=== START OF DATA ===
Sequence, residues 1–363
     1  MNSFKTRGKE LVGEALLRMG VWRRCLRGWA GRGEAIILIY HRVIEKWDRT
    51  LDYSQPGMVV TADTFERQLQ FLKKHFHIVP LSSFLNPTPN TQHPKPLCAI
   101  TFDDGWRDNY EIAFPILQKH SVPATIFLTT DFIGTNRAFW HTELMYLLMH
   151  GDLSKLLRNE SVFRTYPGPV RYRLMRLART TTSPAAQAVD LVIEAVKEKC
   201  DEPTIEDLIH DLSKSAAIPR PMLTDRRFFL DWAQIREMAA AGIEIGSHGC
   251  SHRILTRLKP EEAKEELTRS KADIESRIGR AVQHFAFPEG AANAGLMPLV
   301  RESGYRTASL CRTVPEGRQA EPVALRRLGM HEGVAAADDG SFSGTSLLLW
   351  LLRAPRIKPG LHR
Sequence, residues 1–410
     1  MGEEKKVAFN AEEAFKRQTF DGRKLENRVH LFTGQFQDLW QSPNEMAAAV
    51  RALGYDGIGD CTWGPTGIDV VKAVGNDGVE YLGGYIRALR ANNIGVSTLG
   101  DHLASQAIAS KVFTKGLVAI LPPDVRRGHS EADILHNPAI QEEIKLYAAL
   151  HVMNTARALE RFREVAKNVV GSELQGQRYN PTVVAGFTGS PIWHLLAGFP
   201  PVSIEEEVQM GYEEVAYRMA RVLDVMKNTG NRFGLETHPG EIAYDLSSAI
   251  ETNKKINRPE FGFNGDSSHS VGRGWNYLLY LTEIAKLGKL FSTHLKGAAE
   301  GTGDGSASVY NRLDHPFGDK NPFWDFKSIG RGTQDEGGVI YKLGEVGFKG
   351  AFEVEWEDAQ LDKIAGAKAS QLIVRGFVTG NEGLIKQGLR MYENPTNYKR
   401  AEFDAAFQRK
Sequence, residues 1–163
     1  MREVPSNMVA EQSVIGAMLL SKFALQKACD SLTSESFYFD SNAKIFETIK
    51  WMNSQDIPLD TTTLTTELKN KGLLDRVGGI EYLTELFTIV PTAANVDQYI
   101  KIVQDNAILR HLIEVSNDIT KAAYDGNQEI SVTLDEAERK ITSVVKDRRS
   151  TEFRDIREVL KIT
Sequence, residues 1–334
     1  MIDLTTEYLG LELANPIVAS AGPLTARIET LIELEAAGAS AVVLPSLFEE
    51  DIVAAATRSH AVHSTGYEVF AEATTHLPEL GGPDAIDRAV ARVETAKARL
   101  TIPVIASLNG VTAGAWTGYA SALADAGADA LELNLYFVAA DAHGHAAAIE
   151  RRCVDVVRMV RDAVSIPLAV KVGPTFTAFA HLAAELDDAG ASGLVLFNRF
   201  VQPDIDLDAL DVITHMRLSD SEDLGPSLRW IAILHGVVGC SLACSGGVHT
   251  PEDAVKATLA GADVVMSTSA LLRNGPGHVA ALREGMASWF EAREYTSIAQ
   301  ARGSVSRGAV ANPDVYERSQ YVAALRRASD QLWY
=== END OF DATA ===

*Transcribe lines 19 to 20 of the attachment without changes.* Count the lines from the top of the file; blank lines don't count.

   401  AEFDAAFQRK
Sequence, residues 1–163